John 4:5-42: an embarrassment of riches, with so many rich moments to explore. The setup verse (4:4) says Jesus “had to pass through Samaria.” Hardly: this is the hilly, rocky, more dangerous route – even today, situated as it is on the West Bank. This Greek word, δει, is pregnant with a sense of divine necessity. He had to, as it his missional focus required him to go there.
Also, back then, it was Samaritan country. They were actually Jewish, but attached to Mt. Gerizim instead of Mt. Zion, and to the Torah but not the Prophets (and not liking the prophets makes them like lots of people we preach to!!!). So close to Judaism – and yet so far. What is it in human nature that makes us most hostile toward the people who are just barely different from us? There’s the hilarious (and crass) scene in The Life of Brian (not for the sermon, just for the preacher’s fun) where the People’s Front of Judea explain “the only people we hate more than the Romans are the Judea People’s Front”…
Joking aside, it is hard to be in any minority group. Think of the pressure African-Americans or Muslims feel in much of the United States – and I ponder Amos Oz’s recollection of growing up Jewish: "The fear in every Jewish home, the fear we never talked about but were unintentionally injected with, like a poison, drop by drop, was the chilling fear that perhaps we really were not clean enough, that we really were too noisy and pushy... Perhaps we didn't have proper manners. There was a terror that we might, heaven forbid, make a bad impression on the Gentiles, and then they would be angry and do things too dreadful to think about. A thousand times it was hammered into the head of every Jewish child that we must behave nicely and politely with Gentiles even when they were rude or drunk, that whatever else we did we must not provoke them or argue or haggle with them, we must not irritate them, we must speak quietly... because even a single child with dirty hair could damage the reputation of the entire Jewish people. This constant drip-drip distorts all your feelings, it corrodes your human dignity like rust."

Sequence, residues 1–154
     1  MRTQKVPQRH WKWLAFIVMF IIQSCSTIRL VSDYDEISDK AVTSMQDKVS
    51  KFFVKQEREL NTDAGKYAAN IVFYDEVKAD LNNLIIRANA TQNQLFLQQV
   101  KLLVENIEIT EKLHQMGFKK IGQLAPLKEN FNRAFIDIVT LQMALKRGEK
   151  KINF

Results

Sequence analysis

But this woman is despised even within her own despised group! She comes to draw water at noon; most women went in the morning. She is quite alone, as in lonely, ostracized. Jesus encounters her – and he too is alone. He becomes what she is. He doesn’t judge, or teach a lesson, or even give her water. He asks her to do something for him. Jean Vanier, in his wonderful Drawn Into the Mystery of Jesus Through the Gospel of John, explains, “Jesus is showing us how to approach people who are broken and wounded: not as someone superior, from ‘above,’ but humbly, from ‘below,’ like a beggar. Such people who are already ashamed of themselves do not need someone who will make them even more ashamed, but someone who will give them hope and reveal to them that they have value.”
Once there was a boy born with an acute case of cerebral palsy who was treated terribly as a young child. He was sent to another home where his mother noticed how he watched Mister Rogers’ Neighborhood. She believed Mister Rogers was keeping her son alive. Some big foundation worked it out for Mister Rogers to visit this boy, and when he did, Mister Rogers asked, “Would you pray for me?” The boy was thunderstruck because nobody had ever asked him for anything. He was the object of prayer, not the one to pray for Mr. Rogers. But now he prays for Mister Rogers and he doesn’t want to die anymore. Tom Junod witnessed this and privately he congratulated Mister Rogers for being so smart. But Mister Rogers didn’t know what he meant. He really wanted the boy’s prayers, saying, “I think that anyone who’s gone through challenges like that must be very close to God.”
Those who are thirsty, and then drink deeply from the water of life know how to be a fountain for others. They are not afraid of the pain and thirst of others. Can we hear this woman’s pain? “I have no husband.” She’s not lying, or covering up; it’s a lament, one we all sense in the gut. How many negative images has she been bombarded with, and how much self-recrimination does she tote around in her head? The Bible doesn’t tell us her name – par for the course. She didn’t matter much to anybody else back then – except Jesus, who surely did learn her name, even if John forgot to tell us.
Jesus invites this woman to explore her past. This is a crucial piece of Pete Scazzero’s Emotionally Healthy Spirituality. You chart your genogram, you tell of brokenness in your past, and out of this candid vulnerability you come to a healthy, healing relationship to God – and with others.
As Vanier puts it, “Jesus invites her, and each one of us, to revisit our past in truth: not just to analyze it or remain trapped in it, but to be liberated from its hold.” And then to be filled, refreshed, washed with this incredible living water that Jesus is. The well in Samaria, from which I have personally drawn water, is 135 feet deep! This God business is deep, and it is “out of the depths” (Psalm 130) that we cry to God, and where we find him, and our healing.
In my newest book, Worshipful, I explore some medieval notions of being hungry and thirsty for the Eucharist – and then Jesus’ own hunger and thirst. Julian of Norwich wrote that “Jesus will be thirsty until the last soul is saved and joins him in his bliss; his thirst is to have us drawn into him.” And Bernard of Clairvaux: “My penitence, my salvation, are His food. I myself am His food. I am chewed as I am reproved by Him; I am swallowed as I am taught; I am digested as I am changed; I am assimilated as I am transformed; I am made one as I am conformed to him.”